To delve deeply into the brand, the Cowboy Chicken team looked at its pillars. These were fire and flame, honest food that’s not “fancy” but is good, affordability, and a scratch kitchen. “All these things have to be reflected in everything we do,” says Jensen-Pitts. “One of our taglines is ‘food as honest as a handshake,’ and that says it all.”

What Cowboy Chicken calls pillars, Szala calls silos. “Ask yourself what makes you different, and create silos,” he says. These may be community, fun or mastery. “Once you have those, you can think of how your brand delivers them so you can decide how you capture that.” The first step, he says, is finding adjectives that describe your brand that you can work from.

Once it had refined its brand, Cowboy Chicken came out with a brand book, detailing certain colors, fonts, and even materials like burlap, “and those are things we use consistently in everything,” says Jensen-Pitts. “We’re also very careful with tone of voice, even in social media.” For example, important to Cowboy Chicken is wit and wisdom, so the social media pages for the brand feature lots of proverbs, poems and stories of the Old West.

Tone of voice is also critical online and off, Jensen-Pitts says. “We are warm and welcoming, down-to-earth and also somewhat charming. We want people to feel we are a trusted and reliable friend but that we have some grit since the western folks had some grit about them to be able to survive.”

Cowboy Chicken has a mood board featuring its brand architecture — inspirational photos, tone of voice references, etc. — “that sets the mood for the creative,” says Jensen-Pitts. “We refer to it when it comes to any materials — online or in the stores — that we design to make sure they all fit, are cohesive and mirror the brand strategy.”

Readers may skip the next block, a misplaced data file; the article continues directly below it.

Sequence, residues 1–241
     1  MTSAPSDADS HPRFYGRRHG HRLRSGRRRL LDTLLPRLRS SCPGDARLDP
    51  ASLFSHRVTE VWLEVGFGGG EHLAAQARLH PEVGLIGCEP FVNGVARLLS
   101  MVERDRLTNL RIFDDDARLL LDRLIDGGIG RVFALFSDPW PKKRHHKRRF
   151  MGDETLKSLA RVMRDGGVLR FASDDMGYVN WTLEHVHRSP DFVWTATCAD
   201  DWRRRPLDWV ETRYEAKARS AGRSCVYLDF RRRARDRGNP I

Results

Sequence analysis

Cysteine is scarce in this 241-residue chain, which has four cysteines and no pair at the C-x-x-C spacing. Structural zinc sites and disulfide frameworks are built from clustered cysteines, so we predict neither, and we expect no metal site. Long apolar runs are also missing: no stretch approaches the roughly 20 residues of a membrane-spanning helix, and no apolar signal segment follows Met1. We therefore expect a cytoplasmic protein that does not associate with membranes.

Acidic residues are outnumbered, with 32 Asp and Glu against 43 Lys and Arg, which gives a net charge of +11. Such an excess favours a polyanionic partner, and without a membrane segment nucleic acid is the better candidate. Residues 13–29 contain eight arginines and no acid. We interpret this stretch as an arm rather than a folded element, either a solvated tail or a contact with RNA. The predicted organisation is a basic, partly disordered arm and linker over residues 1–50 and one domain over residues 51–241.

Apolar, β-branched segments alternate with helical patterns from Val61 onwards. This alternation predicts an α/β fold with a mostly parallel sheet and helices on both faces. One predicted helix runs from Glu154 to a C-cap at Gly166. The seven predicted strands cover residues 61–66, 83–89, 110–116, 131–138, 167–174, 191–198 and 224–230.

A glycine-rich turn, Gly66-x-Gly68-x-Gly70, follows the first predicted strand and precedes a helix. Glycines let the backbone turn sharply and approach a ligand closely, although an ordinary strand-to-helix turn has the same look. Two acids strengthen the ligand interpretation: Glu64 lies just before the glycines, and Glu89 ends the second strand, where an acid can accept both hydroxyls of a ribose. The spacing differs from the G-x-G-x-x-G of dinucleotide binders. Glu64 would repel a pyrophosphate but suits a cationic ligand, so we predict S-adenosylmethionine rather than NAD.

Restaurants like Cowboy Chicken that really examine their brand, then portray it in every single thing they do, have a very strong sense of self. Far too many restaurant brands instead emulate their competition, says Szala. “You’ve got to have a mission statement and know what your brand stands for. It’s your brand essence, passionate purpose or your true north. Understand what that is.” Brands, he says, need to ask: What makes us different? What do we want people to feel? And, most important: Why should customers care about what we do?

Szala points to some examples of brands that have done a great job with seamlessly blending their digital and off-line experiences. Domino’s Pizza, he says, doesn’t have a place for people to sit. Customers want to pick up their food and leave. So, Domino’s website is geared around facilitating orders with no fuss and no fanfare. And at Panera Bread, online ordering is fast, and in-store pickup is likewise speedy with an entire section devoted to pickup orders, which diners find via their name on a bag. “If you streamline so much online, you have to take it back to your stores,” he explains.

“Brands need to ask themselves how they fit into people’s lives,” Szala says. “Your digital experience needs to be an extension of everything people get when they’re in your four walls. You’ve got to have content, and you’ve got to cultivate that content — someone has to generate and personalize it to your brand.”